The Podcast I listened to yesterday that really caught my interest was this one…
Tiny Texas Cafe Fills Up After Barbecue Award : NPR
All Things Considered, July 18, 2008 · Barbecue is religion in Texas.
Every five years, Texas Monthly goes on a quest for the Holy Grail — to find the best barbecue in a state that reveres smoked meat. It takes the mission seriously.
This year, the magazine dispatched 18 writers who traveled nearly 15,000 miles to 341 establishments. In an unheard-of upset, a tiny cafe in central Texas beat out the longtime favorites to take first place.
Snow’s BBQ is in the little town of Lexington, an hour’s drive northeast of Austin. It’s open only on Saturday mornings. Owner Kerry Bexley is a bandy-legged former rodeo clown and prison guard. He and his helpers arrive at 10 p.m. Friday to light the oak logs.
Listening to the story from NPR made me think about all of the other folks, just going along, doing there thing in their piece of America suddenly being “discovered” by the rest of the world. Becoming an “overnight” success and having to worry about whether the neighbors can still get their Saturday barbecue because it will all be sold out by 9am…
Like a lot of Texans, I really like our barbecue. I personally don’t eat at many barbecue restaurants though because too many use way to much sauce. Me, I like my meat smoked with a minimum of basic seasoning. So most of the time I just smoke my own…Started on the smoker one day. Wrapped in foil and stuck in the refrigerator overnight to marinate in it’s own juices. Back on the grill the next day to finish…You never even need a knife to eat the brisket…
For some reason I almost never have any left over. Even when we don’t tell anyone, my kids all manage to show up with spouses and significant others, kids…grandkids…old gray headed kids, we all love our Texas barbecue.
Lexington: Snow’s BBQ: Texas Monthly June 2008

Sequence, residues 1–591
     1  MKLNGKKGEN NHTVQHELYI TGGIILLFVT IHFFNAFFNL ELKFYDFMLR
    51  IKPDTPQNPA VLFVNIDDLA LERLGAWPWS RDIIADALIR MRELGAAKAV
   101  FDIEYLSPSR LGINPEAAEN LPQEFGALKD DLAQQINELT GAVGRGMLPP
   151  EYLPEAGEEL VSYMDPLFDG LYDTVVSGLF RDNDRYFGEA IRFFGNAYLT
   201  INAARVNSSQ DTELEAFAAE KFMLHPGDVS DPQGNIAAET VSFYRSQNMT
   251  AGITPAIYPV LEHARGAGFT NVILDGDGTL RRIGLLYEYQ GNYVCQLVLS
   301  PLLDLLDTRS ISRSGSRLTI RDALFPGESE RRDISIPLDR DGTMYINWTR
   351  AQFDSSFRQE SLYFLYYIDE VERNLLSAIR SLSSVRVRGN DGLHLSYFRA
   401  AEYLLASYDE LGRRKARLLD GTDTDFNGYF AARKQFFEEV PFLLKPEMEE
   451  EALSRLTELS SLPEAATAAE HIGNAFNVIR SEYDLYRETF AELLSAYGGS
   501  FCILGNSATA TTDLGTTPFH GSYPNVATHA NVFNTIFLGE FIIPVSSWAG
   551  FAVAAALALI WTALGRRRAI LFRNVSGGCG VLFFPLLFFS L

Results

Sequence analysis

The best barbecue in Texas is currently being served at Snow’s BBQ, in Lexington, a small restaurant open only on Saturdays and only from eight in the morning until whenever the meat runs out, usually around noon. Snow’s is remarkable not only for the quality of its meat but for the unlikeliness of its story. No one on staff had heard of it until we received a reader tip following our 2003 barbecue issue. To stumble upon a place this good and this unknown is every pit hound’s dream, and so we feel compelled to offer, as evidence in favor of our judgment, our story of discovery. It begins with a staff writer’s asking her husband for a favor . . .
So began the article that changed the life of one small barbecue joint…
I see that Coopers in Llano is not in the top 5 this year. Whenever my wife and I get into the hill country of Texas we will swing through Llano for a stop at Coopers even when it means driving 45 miles one way for dinner…Where we always buy way too much meat…And love every minute of it…
The Top 50: Texas Monthly June 2008
Cooper’s Old Time Pit Bar-B-Que
Chain alert: According to recent reports, Cooper’s will soon open a franchise in New Braunfels and has two others in the works. The horror!
604 W. Young (Texas Hwy. 29), 325-247-5713. Open Sun—Thur 10:30—8, Fri & Sat 10:30—9
Then there is this from another NPR show…
Deep In The Heart Of Texas Barbecue : NPR
NPR.org, July 2, 2008 · It’s the Fourth of July and time for a barbecue. Like many Americans, I thought “barbecue” meant throwing a few hamburgers and hot dogs on the grill. Then I moved to Texas.
The word “barbecue” has a whole different meaning there. For one thing, it is a noun, not a verb. “Let’s go out for some barbecue,” therefore, makes perfect sense.
In Texas, barbecue is not just a food — it is an icon, an ideal, a way of life. If you’re not a Texan, the assumption is that you just don’t get it.
The process is pretty simple: Get a huge slab of meat covered in fat, get the coals ready, slap the meat on the grate, cover and cook for a couple of days.
Finding the right combination of heat and time, however, is an art. The coals and/or wood must be replenished, so “pitmasters” (usually men) tend the meat. They are the celebrity chefs of the barbecue world, and their domain can be anything from a charcoal grill to something that looks like a small train engine.